A strange, ringing tinnitus sound in the subway. A man, his shirt and face spattered profusely with blood, shambles in catatonic stupor up the stairs. Another man, blood gouting from a wound in his brow, staggers down the stairs. These men have something in common, but because of that very something, they do not notice each other.
Jules Feiffer, cartoonist, playwright, author and illustrator, is so multi-talented and so refined and brilliant in each of his talents that it's perversely easy to underrate him. For instance, as screenwriter of Mike Nichols' film Carnal Knowledge and Robert Altman's film Popeye, his work brackets the celebrated New Hollywood cinema of the 1970s. Add to that one screenplay for Alain Resnais (I Want to Go Home, 1989) and 1971's disturbing family comedy Little Murders, directed by Alan Arkin, and Feiffer's contribution to cinema becomes a small but vital one.
Of course, billed as Jules Feiffer's Little Murders, this film sits oddly amid the American cinema of its era: a writer's film. And Alan Arkin, while dabbling in filmmaking every so often, has not built up a reputation in that field to match the acclaim he has rightly earned as an actor. And in terms of the movie's cinematic language, credit must be given to cinematographer Gordon Willis, fresh from Hal Ashby's The Landlord but with Klute, The Godfather, All the President's Men and Annie Hall still to come—the man who would do perhaps more than anyone else to define the look of American film in that era.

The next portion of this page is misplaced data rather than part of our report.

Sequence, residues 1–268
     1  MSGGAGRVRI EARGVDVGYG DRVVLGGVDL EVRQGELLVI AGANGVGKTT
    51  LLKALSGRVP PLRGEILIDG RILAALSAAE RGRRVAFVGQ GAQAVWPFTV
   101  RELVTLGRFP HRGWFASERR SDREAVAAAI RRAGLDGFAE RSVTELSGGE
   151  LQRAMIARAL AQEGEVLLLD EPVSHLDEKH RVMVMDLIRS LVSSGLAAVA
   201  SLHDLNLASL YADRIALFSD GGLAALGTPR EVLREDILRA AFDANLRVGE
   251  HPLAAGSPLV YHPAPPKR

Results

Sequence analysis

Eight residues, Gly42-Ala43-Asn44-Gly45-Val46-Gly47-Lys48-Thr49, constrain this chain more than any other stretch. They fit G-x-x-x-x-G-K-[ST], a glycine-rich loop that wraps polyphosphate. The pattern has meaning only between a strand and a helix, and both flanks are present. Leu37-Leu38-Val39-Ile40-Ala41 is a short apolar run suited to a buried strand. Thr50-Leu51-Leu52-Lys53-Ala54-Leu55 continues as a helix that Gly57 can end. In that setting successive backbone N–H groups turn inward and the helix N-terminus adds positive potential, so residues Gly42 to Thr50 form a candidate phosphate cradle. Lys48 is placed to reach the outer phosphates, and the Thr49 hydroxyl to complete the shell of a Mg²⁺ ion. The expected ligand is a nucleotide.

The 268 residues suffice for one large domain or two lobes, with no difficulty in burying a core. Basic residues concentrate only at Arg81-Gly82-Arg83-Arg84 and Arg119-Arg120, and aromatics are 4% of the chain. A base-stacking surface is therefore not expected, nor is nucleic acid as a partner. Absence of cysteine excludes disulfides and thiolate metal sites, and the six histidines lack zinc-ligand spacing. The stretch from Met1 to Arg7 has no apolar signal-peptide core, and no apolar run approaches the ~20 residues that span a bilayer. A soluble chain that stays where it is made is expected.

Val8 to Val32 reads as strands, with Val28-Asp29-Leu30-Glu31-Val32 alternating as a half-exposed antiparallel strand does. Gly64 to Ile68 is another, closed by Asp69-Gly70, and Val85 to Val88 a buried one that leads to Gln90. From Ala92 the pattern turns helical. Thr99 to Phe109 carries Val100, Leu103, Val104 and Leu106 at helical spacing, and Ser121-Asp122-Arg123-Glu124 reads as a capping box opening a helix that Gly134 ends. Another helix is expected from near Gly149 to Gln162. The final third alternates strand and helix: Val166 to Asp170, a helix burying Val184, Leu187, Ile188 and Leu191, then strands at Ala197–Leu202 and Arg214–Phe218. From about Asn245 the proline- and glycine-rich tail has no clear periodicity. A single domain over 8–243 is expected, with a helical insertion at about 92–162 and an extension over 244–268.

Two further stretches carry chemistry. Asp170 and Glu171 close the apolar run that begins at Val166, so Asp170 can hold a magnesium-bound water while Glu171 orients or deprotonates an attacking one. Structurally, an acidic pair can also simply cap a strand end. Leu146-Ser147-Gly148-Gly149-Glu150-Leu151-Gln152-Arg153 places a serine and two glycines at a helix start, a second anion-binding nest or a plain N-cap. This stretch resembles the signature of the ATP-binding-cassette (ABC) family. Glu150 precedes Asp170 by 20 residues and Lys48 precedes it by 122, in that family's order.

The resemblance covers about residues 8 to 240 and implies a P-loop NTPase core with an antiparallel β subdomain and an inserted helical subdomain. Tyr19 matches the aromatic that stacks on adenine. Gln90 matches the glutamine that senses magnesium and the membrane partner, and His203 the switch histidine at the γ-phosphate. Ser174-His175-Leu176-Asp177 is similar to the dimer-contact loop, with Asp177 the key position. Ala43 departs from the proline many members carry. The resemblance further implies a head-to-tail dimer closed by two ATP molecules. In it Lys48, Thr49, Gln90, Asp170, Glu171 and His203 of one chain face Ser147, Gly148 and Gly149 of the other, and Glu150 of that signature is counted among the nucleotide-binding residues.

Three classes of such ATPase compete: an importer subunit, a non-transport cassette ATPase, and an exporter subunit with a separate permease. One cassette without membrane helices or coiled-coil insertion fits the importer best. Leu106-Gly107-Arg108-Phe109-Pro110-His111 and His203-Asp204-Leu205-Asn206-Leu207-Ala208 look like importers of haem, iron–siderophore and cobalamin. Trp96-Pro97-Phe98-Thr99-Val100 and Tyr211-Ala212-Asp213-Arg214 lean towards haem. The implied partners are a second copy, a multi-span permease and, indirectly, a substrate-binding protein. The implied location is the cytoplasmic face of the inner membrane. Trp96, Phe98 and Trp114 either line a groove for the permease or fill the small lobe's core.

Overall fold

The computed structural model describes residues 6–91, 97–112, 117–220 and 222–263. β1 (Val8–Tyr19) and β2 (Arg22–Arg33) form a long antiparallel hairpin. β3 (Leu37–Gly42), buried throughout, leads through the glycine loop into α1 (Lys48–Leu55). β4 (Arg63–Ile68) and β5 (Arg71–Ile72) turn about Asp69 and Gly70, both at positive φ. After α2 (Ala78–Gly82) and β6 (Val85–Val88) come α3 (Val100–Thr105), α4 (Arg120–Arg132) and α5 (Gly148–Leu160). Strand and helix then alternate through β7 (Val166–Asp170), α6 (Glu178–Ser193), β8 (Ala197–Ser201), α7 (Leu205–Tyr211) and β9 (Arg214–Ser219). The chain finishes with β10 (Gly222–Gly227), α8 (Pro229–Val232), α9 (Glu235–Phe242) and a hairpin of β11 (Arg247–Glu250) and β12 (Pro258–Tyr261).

Feiffer is known as a satirist, and Little Murders was sold as a "terrifying comedy," and somewhere between these terms the film can be located. The subject is urban alienation and the breakdown of society, random violence and the disintegration of the personality. And love. For all its grotesque exaggeration and surrealism, it has, at least some of the time, a direct truthfulness and insight, as in the following speech, which contains, it seems to me, a momentous insight:
"Those guys in the park, they said 'Hey, fatface! What are you staring at?' If I told them I wasn't staring at them, they would've beat me up for being a liar. And if I told them I was staring at them because I wanted to take their picture, then they'd beat me up for being a cop. So I told them I was staring at them because they looked familiar, and they beat me up for being a fag. There's no way of talking someone out of beating you up if that's what he wants to do."